Nurturing Silence: Solitude and the Films of Ingmar Bergman

“Love art. Of all the lies, it is the least untrue”                – Gustave Flaubert, Novelist

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Stefan Krasowski. Inspiration and movie sets for Ingmar Bergman on the coast of Gotland, Sweden. 2015. Web. Flickr.com. 28 Aug. 2016. 

Despite the warm West Coast weather that is somewhat unseasonable for late August, there is already the familiar crispness of Autumn starting to appear in the morning breeze. There is an unmistakable coolness that always makes me sentimental, reminding of previous lives and old experiences, seasons and seasonable shifts that have been forgotten but blow up again with the leaves.

Winter might be the death knell of Summer for many, the axe that grinds, but it’s always been a season rife with solitude and comfort – one of rain and morning darkness, cooler temperatures and candles, red wine and heavy books. Alongside the comforts of a colder season, there is also movie watching.

Whether it’s Bette Davis getting scorned by the masses for wearing a red dress to the ball (Jezebel) or the classic Bogart Bacall vehicles, there is something about going back to the Golden Age of Hollywood when the world – even if it wasn’t – seemed quieter. There is a source of comfort in the silence that stretches out, and the production values that, back then, weren’t so slick they nearly replicated life.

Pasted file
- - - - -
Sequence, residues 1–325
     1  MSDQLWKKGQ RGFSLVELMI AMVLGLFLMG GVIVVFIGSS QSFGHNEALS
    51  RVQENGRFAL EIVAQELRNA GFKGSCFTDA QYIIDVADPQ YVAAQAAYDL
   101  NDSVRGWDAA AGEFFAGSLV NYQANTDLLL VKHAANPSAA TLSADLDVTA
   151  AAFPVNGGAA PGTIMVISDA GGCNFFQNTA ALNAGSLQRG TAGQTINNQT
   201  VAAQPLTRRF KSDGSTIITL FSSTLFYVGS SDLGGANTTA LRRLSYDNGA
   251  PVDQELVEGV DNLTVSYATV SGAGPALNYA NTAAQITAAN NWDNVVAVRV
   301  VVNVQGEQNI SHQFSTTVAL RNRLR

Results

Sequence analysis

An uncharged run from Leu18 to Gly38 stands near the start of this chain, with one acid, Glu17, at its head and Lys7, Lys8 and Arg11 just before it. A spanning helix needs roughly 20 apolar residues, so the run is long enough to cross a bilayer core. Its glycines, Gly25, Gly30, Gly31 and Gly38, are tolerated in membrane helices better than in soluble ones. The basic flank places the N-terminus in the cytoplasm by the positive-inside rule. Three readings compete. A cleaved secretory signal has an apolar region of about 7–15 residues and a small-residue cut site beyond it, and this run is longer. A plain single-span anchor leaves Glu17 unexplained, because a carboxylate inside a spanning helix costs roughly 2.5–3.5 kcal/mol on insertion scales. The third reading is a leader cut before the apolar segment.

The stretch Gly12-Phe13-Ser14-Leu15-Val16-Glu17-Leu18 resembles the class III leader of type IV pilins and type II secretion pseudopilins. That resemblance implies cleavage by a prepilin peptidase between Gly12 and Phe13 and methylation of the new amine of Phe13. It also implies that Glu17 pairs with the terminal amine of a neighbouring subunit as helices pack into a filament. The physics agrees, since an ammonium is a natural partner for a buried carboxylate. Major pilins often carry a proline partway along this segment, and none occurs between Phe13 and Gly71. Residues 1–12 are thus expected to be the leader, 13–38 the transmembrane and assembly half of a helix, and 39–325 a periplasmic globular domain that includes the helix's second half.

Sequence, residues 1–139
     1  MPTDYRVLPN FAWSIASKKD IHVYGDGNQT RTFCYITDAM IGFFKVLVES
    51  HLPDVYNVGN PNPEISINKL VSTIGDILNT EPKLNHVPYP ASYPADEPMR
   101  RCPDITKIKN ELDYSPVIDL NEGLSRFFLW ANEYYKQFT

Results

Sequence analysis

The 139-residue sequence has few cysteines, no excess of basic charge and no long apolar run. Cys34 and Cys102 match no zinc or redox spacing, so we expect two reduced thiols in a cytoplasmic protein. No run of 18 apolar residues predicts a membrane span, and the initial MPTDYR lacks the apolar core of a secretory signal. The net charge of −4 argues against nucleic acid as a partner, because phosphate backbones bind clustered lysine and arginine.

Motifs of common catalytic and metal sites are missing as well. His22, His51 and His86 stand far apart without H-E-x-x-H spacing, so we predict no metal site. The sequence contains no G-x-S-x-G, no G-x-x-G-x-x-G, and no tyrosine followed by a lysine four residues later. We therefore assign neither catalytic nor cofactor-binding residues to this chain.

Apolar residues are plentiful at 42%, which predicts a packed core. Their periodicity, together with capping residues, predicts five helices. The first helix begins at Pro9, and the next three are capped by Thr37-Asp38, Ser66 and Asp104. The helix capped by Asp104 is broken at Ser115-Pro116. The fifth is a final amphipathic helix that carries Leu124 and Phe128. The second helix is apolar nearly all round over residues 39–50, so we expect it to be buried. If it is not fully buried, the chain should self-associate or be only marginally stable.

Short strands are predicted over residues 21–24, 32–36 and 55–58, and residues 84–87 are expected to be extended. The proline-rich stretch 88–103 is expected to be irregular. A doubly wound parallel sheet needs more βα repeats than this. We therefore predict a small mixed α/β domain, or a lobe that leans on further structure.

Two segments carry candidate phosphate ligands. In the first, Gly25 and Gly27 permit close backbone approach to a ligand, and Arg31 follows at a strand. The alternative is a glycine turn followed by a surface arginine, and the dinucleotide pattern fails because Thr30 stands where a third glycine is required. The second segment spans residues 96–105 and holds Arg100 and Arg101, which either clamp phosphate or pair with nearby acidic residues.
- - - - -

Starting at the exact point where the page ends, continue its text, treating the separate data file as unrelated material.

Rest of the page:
Though this period gave way to some of the most influential directors in history, there are few that capture silence – the epicness of solitude – like Ingmar Bergman. As one of the most influential filmmakers of all time, having a marked influence on Francis Ford Coppola and Woody Allen, movies like Persona, The Seventh Seal and The Silence explore themes of mortality, illness, death and doubt in a surprisingly unsparing way.

There is a certain trepidation in sitting down to watch a Bergman film because there is nothing that you can hide from. Bereft of unstoppable action or predictable comedy, his films capture the quality of what it means simply to exist, those moments of solitude that – while often occurring without any reverence – make us the most human, and can only be translated through art, music, film and perhaps philosophy, and imperfectly.

As Bergman says, of life and solitude:

“I understand, all right. The hopeless dream of being – not seeming, but being. At every waking moment, alert. The gulf between what you are with others and what you are alone. The vertigo and the constant hunger to be exposed, to be seen through, perhaps even wiped out. Every inflection and every gesture a lie, every smile a grimace…You can shut yourself in. Then you needn’t play any parts or make wrong gestures. Or so you thought. But reality is diabolical. Your hiding place isn’t watertight. Life trickles in from the outside, and you’re forced to react. No one asks if it is true or false, if you’re genuine or just a sham. Such things matter only in the theatre, and hardly there either.”

The commonness of silence and the utility of solitude are things that have gone out of fashion, in film and in life, but there is something very comforting in Bergman’s unique recognition onscreen that parts of the self – however negated or suppressed – exist, those private human moments. While the world formulates reaction to war and gun violence and disparity, there is relief that the undercurrent still exists and is being documented somewhere – that we can still be here to question and contemplate ourselves.

While disconnects between life and ourselves exist, and faithlessness can ensue, such a reality is summed up in Bergman’s Winter Light where the priest Tomas no longer believes in the relevance of God. He goes on, throughout the film, espousing and showcasing his loss of faith, but at the end, as he wonders if he should make a sermon to an empty church, he moves forward to the pulpit, persisting again.

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